Foods and Wines

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Andalucía

The ancient lands of southwestern Spain have been planted to vineyards for nearly 3,000 years.

To most visitors, the Sherry wine–producing parts of Andalucía appear as more moonscape than landscape, but the mountains carry other possibilities. With abrupt shifts in elevation, fascinating dessert wines have been produced within areas in Montilla-Moriles and Málaga.
And Andalucía’s most famous wine area, Jerez (Sherry), receives more rainfall than most other parts of southern Spain. That rain is captured by the special limestone–rich soils of the area; they’re called albariza soils, and they bake in the summer sun into a hard crust, trapping cool moisture for the vines’ needs.

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Condado de Huelva

Another area looking for a spot of sun in the shade of Jerez, the DO offers dry white wines, fortified wines, and aged, rancio–styled wines from a variety of white grapes, though the vast majority of the plantings are of the Zalema grape. There are more than 4,000  hectares of grapes, so while the shipping of wines from Condado to Jerez is less frequent than in years past, all that wine is going somewhere.

For further information, visit DO Condado de Huelva. (Only available in Spanish)

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Jerez-Manzanilla

Jerez-Xérès-Sherry and Manzanilla-Sanlúcar de Barrameda, both situated in the province of Cadiz, are separate DOs that share the same vineyards and Regulatory Council (Consejo Regulador), established in 1933. They also share similar traditional methods of winemaking based on the Solera and Criaderas system, a method of aging form dynamic blending of different vintages from old to new which allows young wines to take on the characteristics of older ones.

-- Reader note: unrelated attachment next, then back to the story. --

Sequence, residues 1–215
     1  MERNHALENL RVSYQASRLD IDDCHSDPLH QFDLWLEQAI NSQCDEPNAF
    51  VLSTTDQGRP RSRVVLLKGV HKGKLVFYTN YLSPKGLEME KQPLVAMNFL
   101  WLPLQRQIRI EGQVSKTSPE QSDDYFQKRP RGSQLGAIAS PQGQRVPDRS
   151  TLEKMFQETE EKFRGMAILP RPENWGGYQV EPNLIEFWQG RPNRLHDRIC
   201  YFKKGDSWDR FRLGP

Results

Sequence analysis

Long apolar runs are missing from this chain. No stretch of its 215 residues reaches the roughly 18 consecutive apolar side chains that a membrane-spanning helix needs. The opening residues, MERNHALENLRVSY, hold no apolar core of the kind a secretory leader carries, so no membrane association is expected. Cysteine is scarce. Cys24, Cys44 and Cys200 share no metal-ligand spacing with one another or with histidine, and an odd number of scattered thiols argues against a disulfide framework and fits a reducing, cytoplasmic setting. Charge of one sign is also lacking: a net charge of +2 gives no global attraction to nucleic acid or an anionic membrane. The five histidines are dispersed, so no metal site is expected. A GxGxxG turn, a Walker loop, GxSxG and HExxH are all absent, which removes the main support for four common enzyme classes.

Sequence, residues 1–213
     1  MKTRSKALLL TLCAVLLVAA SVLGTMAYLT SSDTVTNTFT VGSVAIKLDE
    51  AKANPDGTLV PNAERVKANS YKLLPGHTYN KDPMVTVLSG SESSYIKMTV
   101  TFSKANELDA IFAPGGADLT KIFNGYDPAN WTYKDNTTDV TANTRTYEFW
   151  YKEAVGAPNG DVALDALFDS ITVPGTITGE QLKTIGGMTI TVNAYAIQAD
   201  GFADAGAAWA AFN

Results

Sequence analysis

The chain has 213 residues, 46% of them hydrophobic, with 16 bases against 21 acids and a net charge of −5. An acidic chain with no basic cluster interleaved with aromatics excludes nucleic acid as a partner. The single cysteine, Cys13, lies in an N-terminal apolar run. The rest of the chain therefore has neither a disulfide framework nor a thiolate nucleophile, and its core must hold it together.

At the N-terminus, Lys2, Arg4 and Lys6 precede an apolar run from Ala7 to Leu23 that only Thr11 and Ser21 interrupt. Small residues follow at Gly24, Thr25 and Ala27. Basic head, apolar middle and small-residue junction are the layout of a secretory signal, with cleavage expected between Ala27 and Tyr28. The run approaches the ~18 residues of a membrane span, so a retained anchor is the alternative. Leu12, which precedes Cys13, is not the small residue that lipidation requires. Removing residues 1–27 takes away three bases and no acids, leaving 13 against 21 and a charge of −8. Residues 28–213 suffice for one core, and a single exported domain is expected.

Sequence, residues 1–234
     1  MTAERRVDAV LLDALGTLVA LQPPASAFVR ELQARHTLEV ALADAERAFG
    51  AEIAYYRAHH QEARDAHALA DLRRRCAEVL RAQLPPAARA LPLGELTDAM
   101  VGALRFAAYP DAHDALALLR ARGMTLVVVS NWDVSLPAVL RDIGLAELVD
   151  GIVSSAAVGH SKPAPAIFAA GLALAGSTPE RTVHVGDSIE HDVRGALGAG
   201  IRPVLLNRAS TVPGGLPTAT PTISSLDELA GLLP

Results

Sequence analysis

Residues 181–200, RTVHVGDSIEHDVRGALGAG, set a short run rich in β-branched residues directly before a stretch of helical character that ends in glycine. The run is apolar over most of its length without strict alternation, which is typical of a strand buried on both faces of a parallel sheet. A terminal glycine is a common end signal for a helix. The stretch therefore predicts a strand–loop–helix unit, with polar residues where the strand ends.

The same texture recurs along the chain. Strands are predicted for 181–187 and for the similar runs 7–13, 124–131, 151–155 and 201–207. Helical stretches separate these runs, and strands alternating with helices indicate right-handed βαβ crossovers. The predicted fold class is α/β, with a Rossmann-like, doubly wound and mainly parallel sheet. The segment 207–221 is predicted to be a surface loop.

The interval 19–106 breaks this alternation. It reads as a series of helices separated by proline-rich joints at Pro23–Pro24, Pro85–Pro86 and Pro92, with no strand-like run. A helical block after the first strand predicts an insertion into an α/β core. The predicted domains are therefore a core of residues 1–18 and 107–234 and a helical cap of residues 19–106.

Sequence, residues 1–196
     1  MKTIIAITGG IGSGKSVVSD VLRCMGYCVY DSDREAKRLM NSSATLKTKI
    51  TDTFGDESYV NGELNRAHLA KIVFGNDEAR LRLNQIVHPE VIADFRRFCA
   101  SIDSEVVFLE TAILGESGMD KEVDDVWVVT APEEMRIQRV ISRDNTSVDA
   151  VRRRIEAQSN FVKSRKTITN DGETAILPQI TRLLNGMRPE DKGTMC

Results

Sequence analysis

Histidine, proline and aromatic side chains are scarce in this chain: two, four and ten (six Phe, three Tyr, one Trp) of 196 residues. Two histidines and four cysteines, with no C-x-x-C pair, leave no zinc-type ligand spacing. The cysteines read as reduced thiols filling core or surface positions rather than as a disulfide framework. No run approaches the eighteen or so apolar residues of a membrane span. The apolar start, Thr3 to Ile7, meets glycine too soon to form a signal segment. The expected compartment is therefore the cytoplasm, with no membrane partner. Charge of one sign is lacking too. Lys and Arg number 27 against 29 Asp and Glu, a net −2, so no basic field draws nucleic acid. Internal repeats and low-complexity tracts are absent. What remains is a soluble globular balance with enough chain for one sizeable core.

Xérès has exported wines since at least Roman times, and today its wines account for the greatest volume of any Spanish DO exports. They are sold in more than fifty countries. The enormous international commercial success of these wines is, to a large degree, due to the long export tradition of great wineries, the broad consumer range and the wine’s exceptional quality, which has its source in the unique winemaking and ageing processes.

Xérès DO, established in 1933, was one of the first DOs in Spain. The past few years have witnessed a widening range of wines available on the market and, thanks to the meticulous work of the winemakers and the initiatives undertaken by the Regulatory Council, a small amount of DO wines which are subjected to a prolonged ageing process and sold with the certification of Vino de Xérès Con Vejez Calificada (Rare Old Sherries) on the back label. This certification from the Regulatory Council is granted to Amontillado, Oloroso, Palo Cortado and Pedro Ximenez wines aged more than twenty and thirty years.

Sherry’s multiplicity is a bewildering obstacle for too many people. It’s actually simple: Sherry is fortified wine. It’s fortified after the fermentation so, unlike Port, all Sherry begins its life as a dry wine. Sherry is initially classified as one of two wines: fino or olosoro. A fino is intended to be a light, crisp, delicate wine; surprisingly, it’s also a wine that carries an alcohol content of more than 15%. Yet the great finos are indeed delicate. They are aged in barrel underneath a yeast film called a flor (or “flower,” though it looks more like pond scum), and the flor protects the wine from oxygen, adding flavors and aromas as well.